Originally opened in 1901, The Kursaal of Southend-on-Sea was the world's first ever theme park, pre-dating Coney Island in America. Designed by the architect Campbell Sherrin, also responsible for amongst other things, the Brompton Oratory, the Kursaal building and its dome were at the cutting edge of architectural design.

Originally intended as an entertainment venue and gardens, the twenty-six acre site rapidly included the latest attractions and rides as they were developed. Famous in the 1920s and 1930s as the fairground of the East End of London, the Kursaal was at its peak at the advent of World War II.

Whilst closed to the public during the war, the Kursaal's place in history continued as the site for the Swallow raincoat factory and the Naafi stores for the South East.

At the end of hostilities the Kursaal reverted to its original identity of fun and entertainment and continued to grow.

There were many firsts at the Kursaal. The world's first Lady Lion Tamer, the world's first Lady Wall of Death Rider performed here, it was the first venue in England for the display of Al Capone's personal car from Chicago, and Eric the sixty ton stuffed whale!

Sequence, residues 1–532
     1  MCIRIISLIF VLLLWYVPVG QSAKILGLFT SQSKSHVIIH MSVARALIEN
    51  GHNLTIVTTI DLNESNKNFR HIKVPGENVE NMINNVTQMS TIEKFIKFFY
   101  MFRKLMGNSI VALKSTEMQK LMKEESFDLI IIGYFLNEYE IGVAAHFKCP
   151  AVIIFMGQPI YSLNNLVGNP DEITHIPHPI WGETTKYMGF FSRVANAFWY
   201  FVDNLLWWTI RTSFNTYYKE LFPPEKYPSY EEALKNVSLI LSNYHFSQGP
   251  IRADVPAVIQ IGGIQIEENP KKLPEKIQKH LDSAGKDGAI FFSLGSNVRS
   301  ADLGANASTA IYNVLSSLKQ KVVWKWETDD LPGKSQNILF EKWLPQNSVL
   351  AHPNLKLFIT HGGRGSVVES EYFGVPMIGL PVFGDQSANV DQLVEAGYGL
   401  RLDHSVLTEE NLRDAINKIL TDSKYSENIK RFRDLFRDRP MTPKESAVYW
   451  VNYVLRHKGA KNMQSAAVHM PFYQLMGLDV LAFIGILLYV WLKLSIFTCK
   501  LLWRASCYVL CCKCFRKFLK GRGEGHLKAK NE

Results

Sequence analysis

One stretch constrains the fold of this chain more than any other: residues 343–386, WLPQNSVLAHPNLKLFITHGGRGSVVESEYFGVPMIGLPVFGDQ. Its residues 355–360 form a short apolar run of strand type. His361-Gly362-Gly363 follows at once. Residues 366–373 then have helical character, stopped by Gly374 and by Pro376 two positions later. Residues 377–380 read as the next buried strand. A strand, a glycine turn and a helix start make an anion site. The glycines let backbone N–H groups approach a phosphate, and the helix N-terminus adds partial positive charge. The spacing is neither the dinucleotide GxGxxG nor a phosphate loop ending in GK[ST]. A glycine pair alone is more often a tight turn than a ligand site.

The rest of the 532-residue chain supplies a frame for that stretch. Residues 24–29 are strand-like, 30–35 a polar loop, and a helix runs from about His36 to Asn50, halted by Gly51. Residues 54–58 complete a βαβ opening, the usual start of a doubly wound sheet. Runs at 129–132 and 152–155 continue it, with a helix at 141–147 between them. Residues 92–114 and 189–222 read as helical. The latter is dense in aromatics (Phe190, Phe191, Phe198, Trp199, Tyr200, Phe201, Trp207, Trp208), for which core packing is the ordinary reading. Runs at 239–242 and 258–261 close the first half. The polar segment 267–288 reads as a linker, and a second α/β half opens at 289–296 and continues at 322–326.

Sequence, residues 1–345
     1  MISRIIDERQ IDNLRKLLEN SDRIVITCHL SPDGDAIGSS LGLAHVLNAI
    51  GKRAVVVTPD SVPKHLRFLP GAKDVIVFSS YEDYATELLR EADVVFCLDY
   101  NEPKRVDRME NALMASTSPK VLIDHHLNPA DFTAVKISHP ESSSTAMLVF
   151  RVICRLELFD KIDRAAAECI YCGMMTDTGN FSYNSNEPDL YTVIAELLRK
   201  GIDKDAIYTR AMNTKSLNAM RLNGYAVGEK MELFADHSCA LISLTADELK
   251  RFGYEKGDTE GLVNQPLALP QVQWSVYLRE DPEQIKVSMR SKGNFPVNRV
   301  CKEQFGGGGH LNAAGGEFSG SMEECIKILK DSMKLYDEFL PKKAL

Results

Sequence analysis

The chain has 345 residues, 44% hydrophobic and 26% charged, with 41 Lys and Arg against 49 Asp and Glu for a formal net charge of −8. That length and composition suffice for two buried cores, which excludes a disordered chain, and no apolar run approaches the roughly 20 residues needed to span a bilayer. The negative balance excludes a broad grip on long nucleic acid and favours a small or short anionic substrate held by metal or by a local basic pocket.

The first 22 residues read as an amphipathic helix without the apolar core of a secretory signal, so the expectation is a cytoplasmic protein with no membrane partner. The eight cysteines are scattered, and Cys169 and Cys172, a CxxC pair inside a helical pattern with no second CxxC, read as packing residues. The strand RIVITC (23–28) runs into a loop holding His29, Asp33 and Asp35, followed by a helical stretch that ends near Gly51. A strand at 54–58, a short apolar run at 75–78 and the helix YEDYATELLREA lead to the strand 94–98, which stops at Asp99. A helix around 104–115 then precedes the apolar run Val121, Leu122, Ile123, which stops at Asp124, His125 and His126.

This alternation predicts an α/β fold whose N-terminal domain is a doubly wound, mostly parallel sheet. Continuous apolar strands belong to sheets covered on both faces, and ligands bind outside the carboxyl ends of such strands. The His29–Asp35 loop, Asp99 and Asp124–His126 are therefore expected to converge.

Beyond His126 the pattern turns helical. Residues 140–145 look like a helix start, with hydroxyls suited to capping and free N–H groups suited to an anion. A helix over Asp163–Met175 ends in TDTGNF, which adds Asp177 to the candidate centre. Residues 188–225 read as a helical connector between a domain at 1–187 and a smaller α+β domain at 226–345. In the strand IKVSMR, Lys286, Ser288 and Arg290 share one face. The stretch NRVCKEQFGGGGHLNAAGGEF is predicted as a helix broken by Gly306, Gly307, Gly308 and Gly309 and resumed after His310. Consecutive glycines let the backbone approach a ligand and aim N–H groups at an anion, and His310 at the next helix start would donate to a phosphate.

Despite all these endeavours the Kursaal sadly declined in the 1970s, believed to be due to the advent of continental holidays. The decline was irrepressible and in the 1980s the building finally closed.

The Kursaal lay derelict for much of the 80s and 90s, but it's architectural status as a listed building saved it from demolition, and in 1998 it was bought by a leisure group who refurbished and reopened it.

Reproduced from www.kursaal.co.uk with permission

Kur"saal` (?), n.[G.]

A public hall or room, for the use of visitors at watering places and health resorts in Germany.


© Webster 1913.

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